Earlier Studies: Over the past decade numerous studies have been conducted on driver inattention, in particular focusing on the use of cellphones. Below is a summary of some these studies.
Motorists who use cellphones while driving are four times as likely to get into crashes serious enough to injure themselves, according to a study of drivers in Perth, Australia, conducted by the Insurance Institute for Highway Safety. The results, published in July 2005, suggest that banning hand-held phone use will not necessarily improve safety if drivers simply switch to hand-free phones. The study found that injury crash risk didn't vary with type of phone.
Many studies have shown that using hand-held cellphones while driving can constitute a hazardous distraction. However, the theory that hands-free sets are safer has been challenged by the findings of several studies. A study from researchers at the University of Utah, published in the summer 2006 issue of Human Factors, the quarterly journal of the Human Factors and Ergonomics Society, concludes that talking on a cellphone while driving is as dangerous as driving drunk, even if the phone is a hands-free model. An earlier study by researchers at the university found that motorists who talked on hands-free cellphones were 18 percent slower in braking and took 17 percent longer to regain the speed they lost when they braked.
A September 2004 study from the National Highway Traffic Safety Administration (NHTSA) found that drivers using hand-free cellphones had to redial calls 40 percent of the time, compared with 18 percent for drivers using hand-held sets, suggesting that hands-free sets may provide drivers with a false sense of ease.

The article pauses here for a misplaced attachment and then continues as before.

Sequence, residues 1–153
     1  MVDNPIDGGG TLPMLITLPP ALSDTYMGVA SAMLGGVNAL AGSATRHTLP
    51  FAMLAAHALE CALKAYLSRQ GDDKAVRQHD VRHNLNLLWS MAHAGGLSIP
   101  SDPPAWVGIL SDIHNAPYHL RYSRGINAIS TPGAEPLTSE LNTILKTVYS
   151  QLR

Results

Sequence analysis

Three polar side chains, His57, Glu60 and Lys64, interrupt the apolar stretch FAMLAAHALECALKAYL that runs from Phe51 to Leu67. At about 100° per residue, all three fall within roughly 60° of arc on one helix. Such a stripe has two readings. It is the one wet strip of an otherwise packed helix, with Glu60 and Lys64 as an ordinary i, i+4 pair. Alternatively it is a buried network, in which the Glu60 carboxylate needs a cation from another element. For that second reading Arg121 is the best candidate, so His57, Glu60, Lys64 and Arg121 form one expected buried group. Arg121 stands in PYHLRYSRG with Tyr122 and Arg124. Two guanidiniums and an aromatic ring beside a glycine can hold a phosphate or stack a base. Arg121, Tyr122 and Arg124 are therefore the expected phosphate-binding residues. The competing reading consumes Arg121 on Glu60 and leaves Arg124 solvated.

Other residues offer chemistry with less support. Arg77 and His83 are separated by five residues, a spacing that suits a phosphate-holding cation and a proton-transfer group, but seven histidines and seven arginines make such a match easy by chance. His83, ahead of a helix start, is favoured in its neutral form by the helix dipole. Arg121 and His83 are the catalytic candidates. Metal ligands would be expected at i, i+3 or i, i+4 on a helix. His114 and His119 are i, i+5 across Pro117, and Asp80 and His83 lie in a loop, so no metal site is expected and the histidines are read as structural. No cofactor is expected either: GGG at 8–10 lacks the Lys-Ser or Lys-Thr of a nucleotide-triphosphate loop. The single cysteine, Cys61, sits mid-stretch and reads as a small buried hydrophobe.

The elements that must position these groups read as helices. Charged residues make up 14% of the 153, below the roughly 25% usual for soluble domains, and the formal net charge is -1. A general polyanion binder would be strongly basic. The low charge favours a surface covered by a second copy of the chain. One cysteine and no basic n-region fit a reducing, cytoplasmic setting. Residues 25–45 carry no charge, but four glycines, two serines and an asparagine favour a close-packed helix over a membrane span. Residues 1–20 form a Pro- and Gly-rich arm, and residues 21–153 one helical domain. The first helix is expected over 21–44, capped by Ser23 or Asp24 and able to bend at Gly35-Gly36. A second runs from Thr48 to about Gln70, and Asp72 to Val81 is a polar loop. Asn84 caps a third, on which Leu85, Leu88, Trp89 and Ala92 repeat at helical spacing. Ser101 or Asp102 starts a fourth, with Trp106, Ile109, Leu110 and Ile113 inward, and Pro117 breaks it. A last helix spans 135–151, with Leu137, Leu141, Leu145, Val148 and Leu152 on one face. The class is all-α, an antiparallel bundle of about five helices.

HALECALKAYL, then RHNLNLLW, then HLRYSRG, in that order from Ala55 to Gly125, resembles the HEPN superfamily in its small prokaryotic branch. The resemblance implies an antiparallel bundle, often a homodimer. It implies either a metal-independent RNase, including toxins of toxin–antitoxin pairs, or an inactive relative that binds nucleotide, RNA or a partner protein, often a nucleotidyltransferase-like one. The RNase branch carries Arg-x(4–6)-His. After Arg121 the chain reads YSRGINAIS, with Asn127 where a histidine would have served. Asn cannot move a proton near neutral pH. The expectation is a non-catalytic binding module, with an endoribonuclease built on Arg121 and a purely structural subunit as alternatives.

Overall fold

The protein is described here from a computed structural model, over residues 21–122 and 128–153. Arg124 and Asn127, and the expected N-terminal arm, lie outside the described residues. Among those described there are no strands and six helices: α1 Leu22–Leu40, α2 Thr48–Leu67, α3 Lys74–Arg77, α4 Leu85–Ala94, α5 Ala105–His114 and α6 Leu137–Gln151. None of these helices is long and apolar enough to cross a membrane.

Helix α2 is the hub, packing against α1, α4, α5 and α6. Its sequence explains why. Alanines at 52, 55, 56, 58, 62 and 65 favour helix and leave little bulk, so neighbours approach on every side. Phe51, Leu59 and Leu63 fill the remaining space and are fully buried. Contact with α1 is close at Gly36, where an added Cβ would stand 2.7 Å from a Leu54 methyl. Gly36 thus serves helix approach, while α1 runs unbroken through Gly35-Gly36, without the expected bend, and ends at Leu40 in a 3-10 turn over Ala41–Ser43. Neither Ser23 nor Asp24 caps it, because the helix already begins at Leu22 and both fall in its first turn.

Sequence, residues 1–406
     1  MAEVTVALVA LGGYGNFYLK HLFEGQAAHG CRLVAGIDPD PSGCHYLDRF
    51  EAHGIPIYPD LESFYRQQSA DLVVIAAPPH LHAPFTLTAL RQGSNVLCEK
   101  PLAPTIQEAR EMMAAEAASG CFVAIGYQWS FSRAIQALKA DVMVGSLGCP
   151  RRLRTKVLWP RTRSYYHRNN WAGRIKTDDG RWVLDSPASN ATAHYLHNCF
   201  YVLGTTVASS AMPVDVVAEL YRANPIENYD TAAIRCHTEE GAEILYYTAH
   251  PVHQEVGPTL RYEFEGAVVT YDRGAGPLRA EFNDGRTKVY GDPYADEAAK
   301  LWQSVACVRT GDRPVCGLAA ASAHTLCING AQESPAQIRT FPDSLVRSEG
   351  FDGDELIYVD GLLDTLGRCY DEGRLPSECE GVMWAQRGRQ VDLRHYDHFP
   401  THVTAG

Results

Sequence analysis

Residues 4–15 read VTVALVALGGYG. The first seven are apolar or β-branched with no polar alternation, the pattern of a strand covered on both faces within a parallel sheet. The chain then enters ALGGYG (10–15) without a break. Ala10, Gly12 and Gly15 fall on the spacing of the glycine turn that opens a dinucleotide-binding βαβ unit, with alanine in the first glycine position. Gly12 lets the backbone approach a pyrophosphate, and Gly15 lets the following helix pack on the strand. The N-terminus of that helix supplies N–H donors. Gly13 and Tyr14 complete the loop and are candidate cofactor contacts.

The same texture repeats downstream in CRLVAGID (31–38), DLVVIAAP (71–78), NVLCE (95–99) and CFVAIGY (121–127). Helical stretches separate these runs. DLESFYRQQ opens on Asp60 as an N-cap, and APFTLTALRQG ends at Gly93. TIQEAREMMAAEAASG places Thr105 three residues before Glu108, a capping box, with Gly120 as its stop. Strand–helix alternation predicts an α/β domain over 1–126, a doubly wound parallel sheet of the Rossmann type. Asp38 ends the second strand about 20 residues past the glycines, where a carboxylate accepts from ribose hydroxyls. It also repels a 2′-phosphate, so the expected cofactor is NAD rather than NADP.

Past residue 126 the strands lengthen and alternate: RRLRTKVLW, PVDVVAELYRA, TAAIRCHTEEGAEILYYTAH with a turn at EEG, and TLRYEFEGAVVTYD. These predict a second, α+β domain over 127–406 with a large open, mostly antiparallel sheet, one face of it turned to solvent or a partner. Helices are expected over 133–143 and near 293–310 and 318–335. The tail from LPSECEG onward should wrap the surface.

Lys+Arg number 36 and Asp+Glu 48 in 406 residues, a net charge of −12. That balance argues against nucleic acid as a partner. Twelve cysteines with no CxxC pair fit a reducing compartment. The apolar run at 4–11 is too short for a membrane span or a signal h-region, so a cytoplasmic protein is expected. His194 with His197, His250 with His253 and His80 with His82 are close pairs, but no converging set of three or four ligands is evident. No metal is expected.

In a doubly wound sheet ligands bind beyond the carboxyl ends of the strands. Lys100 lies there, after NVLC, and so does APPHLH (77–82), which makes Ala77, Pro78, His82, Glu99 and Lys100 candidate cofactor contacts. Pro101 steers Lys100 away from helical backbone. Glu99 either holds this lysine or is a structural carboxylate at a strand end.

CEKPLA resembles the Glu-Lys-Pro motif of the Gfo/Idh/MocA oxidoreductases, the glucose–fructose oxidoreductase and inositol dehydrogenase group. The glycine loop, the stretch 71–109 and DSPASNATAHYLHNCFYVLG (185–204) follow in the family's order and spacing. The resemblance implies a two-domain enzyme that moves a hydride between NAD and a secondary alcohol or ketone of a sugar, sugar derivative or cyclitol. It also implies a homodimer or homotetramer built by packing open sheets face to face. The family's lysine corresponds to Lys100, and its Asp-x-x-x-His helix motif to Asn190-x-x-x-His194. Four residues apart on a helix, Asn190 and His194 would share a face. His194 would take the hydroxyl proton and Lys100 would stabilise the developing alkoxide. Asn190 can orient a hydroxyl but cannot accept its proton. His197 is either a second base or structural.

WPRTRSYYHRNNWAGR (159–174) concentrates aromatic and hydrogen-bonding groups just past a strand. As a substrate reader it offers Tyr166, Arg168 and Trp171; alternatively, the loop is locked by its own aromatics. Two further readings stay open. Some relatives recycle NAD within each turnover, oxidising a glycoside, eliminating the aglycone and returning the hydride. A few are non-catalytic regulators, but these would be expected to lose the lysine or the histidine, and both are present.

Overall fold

A study released in April 2006 found that almost 80 percent of crashes and 65 percent of near-crashes involved some form of driver inattention within three seconds of the event. The study, The 100-Car Naturalistic Driving Study, conducted by the Virginia Tech Transportation Institute and the NHTSA, broke new ground. (Earlier research found that driver inattention was responsible for 25 to 30 percent of crashes.) The newer study found that the most common distraction is the use of cellphones, followed by drowsiness. However, cellphone use is far less likely to be the cause of a crash or near-miss than other distractions, according to the study. For example, while reaching for a moving object such as a falling cup increased the risk of a crash or near-crash by nine times, talking or listening on a hand-held cellphone only increased the risk by 1.3 times.
Employer and Manufacturer Liability: Although only a handful of high-profile cases have gone to court, employers are still concerned that they might be held liable for accidents caused by their employees while driving and conducting work-related conversations on cellphones. Under the doctrine of vicarious responsibility, employers may be held legally accountable for the negligent acts of employees committed in the course of employment. Employers may also be found negligent if they fail to put in place a policy for the safe use of cellphones. In response, many companies have established cellphone usage policies. Some allow employees to conduct business over the phone as long as they pull over to the side of the road or into a parking lot. Others have completely banned the use of all wireless devices.
In an article published in the June 2003 edition of the North Dakota Law Review, attorney Jordan Michael proposed a theory of cellphone manufacturer liability for auto accidents if they fail to warn users of the dangers of driving and talking on the phone at the same time. The theory holds that maker liability would be similar to the liability of employers who encourage or demand cellphone use on the road. Holding manufacturers liable would cover all persons who drive and use cellphones for personal calls. Michael notes that some car rental agencies have already placed warnings on embedded cellphones in their cars.